Capital Income Taxation and Progressivity in a Global Economy

Preprint OPEN
Rosanne Altshuler ; Benjamin Harris ; Eric Toder (2011)
  • Subject: corporate taxation, individual taxation
    • jel: jel:H20 | jel:H25 | jel:H24

The increase in international capital mobility over the past two decades has put pressure on the tax treatment of corporate equity income. Corporate-level taxes distort investment flows across locations and create opportunities for tax avoidance by shifting income across jurisdictions. Outward flows of capital shift part of the burden of the corporate-level tax on equity income from capital to labor, thereby making its incidence less progressive. Individual-level taxes on corporate equity income lower the after-tax return to savings but have less distorting effects on investment location and are more likely to fall on owners of capital than workers. This logic suggests there may be both efficiency gains and increases in progressivity from shifting taxes on corporate equity income from the corporate to the shareholder level. We estimate the distributional effects of a tax reform that raises shareholder-level taxes on corporate equity income and uses the revenue to cut the corporate tax rate. We find that taxing capital gains and dividends as ordinary income (subject to a maximum 28% rate on long-term capital gains) would finance a cut in the corporate tax rate from 35% to about 26%, assuming no behavioral response. While the distributional effect depends on what one assumes about the incidence of the corporate income tax, our results suggest that even if the corporate income tax were paid entirely by capital income, the reform would make the tax system more progressive.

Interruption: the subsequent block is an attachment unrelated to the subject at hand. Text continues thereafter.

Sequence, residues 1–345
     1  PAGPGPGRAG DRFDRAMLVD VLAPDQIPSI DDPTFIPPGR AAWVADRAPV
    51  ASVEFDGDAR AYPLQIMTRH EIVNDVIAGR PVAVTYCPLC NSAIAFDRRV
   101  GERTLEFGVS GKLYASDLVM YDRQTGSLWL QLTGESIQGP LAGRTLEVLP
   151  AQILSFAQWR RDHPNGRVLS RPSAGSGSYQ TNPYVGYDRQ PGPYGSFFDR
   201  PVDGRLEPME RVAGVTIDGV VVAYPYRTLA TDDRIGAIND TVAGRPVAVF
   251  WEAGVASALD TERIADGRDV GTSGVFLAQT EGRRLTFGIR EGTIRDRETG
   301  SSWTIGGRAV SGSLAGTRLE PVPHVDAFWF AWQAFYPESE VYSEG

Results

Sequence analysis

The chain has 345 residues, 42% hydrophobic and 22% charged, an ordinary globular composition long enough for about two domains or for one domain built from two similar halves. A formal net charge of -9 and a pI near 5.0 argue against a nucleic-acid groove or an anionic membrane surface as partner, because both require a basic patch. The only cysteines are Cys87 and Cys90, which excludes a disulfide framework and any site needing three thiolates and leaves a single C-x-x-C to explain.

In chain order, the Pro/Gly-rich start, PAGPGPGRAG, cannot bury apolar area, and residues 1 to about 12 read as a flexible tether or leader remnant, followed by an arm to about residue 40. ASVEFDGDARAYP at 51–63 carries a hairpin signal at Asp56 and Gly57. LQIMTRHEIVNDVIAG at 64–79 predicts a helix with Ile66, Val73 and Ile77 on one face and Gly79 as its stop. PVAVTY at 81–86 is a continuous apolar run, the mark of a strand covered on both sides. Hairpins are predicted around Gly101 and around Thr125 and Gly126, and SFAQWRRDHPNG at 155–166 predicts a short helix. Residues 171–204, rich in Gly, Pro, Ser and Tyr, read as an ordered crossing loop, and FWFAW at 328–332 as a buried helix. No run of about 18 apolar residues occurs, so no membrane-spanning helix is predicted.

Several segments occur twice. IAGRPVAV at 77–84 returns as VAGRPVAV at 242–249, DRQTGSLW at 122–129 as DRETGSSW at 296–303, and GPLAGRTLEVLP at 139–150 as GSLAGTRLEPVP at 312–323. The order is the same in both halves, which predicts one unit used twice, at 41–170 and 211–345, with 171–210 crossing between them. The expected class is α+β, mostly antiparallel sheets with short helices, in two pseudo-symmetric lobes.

• References (27)
    27 references, page 1 of 3

    WHO PAYS THE CORPORATE INCOME TAX? ........................... 360

    A. Open Economy Incidence in General Equilibrium Models.................................................................................... 362

    B. Empirical Incidence Analysis .............................................. 366

    C. Other Considerations............................................................ 369

    III. EFFECTS OF A TAX SHIFT FROM THE CORPORATE TO THE INDIVIDUAL LEVEL...................................................................... 370 A. Distributional Effects............................................................ 370 B. Behavioral Responses and Revenue.................................... 372

    IV. SIMULATIONS AND METHODOLOGY ......................................... 374 A. Simulations ............................................................................ 374 B. Methodology.......................................................................... 375 15 See William Randolph, International Burdens of the Corporate Income Tax 5

    (Congressional Budget Office, Working Paper 2006-09, August 2006), available at

    http://www.cbo.gov/ftpdocs/75xx/doc7503/2006-09.pdf. 22 This section borrows heavily from Benjamin Harris, Corporate Tax Incidence

    Paper, November 2009), available at http://www.urban.org/UploadedPDF/1001349_

    corporate_tax_incidence.pdf. 23 See, e.g., Kevin Hassett & Aparna Mathur, Taxes and Wages 9, 10 (Am.

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